Question Hi. Can you please explain what the vanishing dimension theory means? I tried looking it up, but the more I did so, the more confused I got. Thanks.
Answer Well, I'm not sure what to tell you, since this theory is pretty fringe. There's really not much work in the area, which is why you can't find much about it that won't confuse you. It's more of a hypothesis than a theory (a random idea that someone one day said: "what if?" and then exrapolated). The idea is that if a system has more energy, its dimensions shrink. There's not really a good reason for it to be true or not true, but since they suggest the idea can be tested with gravitational waves (which have never been detected), then a couple of people are working out the details. I don't see a good reason why the universe would just sprout something as fundamental as dimensions when it expands, so I'm pretty sure that this theory will remain fringe and not worth worrying about until someone turns up some kind of radical experimental result that actually suggests it might be true. Until LISA is up and orbiting the Sun, it's not even possible to do that...and even then it's a gamble if LISA will detect gravitational waves at all.
I can answer most basic physics questions, physics questions about science fiction and everyday observations of physics, etc. I'm also usually good for science fair advice (I'm the regional science fair director). I do not answer homework problems. I will occasionally point out where a homework solution went wrong, though. I'm usually good at explaining odd observations that seem counterintuitive, energy science, nuclear physics, nuclear astrophysics, and alternative theories of physics are my specialties.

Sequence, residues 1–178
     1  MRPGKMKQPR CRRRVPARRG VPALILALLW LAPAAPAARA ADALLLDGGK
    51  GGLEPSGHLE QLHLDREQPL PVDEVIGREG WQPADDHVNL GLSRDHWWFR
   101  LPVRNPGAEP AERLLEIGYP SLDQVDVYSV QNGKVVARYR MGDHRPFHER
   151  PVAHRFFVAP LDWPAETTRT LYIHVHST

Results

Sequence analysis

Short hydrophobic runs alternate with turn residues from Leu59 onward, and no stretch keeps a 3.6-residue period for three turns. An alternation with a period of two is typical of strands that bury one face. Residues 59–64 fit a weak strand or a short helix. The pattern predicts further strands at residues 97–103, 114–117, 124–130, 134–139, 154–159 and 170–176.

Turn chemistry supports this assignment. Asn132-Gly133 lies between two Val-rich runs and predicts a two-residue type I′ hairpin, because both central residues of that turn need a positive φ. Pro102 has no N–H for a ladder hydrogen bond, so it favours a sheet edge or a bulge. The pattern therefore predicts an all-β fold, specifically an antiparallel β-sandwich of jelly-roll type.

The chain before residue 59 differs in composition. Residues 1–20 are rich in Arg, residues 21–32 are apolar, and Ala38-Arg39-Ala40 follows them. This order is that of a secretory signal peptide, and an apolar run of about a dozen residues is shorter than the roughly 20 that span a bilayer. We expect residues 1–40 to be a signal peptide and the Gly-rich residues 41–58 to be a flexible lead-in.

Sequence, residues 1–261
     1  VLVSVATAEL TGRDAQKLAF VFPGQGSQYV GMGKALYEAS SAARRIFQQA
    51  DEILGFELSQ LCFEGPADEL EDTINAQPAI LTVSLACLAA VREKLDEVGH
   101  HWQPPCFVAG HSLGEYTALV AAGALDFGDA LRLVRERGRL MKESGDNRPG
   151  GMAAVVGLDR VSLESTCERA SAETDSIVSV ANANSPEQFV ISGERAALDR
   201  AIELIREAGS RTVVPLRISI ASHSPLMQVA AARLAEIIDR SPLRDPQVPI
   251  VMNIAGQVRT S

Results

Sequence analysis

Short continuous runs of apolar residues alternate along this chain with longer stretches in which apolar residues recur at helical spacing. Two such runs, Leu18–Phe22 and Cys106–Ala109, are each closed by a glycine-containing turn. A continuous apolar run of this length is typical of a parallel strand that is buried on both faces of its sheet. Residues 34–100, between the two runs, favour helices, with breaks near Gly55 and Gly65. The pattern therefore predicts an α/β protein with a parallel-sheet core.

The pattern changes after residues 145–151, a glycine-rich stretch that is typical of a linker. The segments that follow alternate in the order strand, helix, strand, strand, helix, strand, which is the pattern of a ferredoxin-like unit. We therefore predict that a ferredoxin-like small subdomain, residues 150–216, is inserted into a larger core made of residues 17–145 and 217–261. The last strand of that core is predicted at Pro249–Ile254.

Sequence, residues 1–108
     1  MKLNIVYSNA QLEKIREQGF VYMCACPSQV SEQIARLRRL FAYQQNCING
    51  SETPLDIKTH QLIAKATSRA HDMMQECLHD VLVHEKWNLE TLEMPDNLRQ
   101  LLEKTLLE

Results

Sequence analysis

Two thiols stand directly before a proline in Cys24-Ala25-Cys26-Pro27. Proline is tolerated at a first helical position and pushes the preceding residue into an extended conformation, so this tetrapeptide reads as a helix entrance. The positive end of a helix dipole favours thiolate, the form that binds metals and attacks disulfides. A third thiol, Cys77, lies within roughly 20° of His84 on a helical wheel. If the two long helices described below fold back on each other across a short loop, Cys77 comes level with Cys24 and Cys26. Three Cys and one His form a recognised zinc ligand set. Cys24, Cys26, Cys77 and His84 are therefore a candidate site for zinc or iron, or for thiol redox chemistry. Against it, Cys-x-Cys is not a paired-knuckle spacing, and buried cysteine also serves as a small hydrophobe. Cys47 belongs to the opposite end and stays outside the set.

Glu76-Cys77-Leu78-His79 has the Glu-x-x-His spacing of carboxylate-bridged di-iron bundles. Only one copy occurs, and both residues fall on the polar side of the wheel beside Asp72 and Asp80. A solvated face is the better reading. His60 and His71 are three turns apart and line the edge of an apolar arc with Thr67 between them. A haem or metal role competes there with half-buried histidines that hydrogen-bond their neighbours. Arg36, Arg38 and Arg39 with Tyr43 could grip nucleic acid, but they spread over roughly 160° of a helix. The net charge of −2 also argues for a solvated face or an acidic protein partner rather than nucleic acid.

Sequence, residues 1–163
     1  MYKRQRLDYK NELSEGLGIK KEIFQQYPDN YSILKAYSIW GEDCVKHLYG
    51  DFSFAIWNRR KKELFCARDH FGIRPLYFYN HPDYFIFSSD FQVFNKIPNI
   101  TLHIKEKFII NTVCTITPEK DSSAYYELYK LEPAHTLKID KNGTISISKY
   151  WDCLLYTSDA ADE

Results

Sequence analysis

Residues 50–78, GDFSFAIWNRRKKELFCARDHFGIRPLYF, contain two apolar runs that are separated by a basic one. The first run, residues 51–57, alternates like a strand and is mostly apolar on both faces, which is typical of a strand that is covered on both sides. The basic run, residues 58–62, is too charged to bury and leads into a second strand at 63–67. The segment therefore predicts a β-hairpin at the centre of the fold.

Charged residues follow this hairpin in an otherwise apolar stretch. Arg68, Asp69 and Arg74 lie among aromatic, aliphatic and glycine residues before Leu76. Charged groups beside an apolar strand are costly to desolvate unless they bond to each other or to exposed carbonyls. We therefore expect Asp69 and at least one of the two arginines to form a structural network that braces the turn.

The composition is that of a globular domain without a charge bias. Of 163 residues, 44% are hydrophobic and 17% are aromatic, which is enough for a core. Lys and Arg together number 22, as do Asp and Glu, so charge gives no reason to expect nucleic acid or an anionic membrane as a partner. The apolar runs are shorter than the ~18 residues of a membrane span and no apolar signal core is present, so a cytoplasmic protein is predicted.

I was a physics professor at the University of Texas of the Permian Basin, research in nuclear technology and nuclear astrophysics. My travelling science show saw over 20,000 students of all ages. I taught physics, nuclear chemistry, radiation safety, vacuum technology, and answer tons of questions as I tour schools encouraging students to consider careers in science. I moved on to a non-academic job with more research just recently.
Education/Credentials Ph. D. from Duke University in physics, research in nuclear astrophysics reactions, gamma-ray astronomy technology, and advanced nuclear reactors.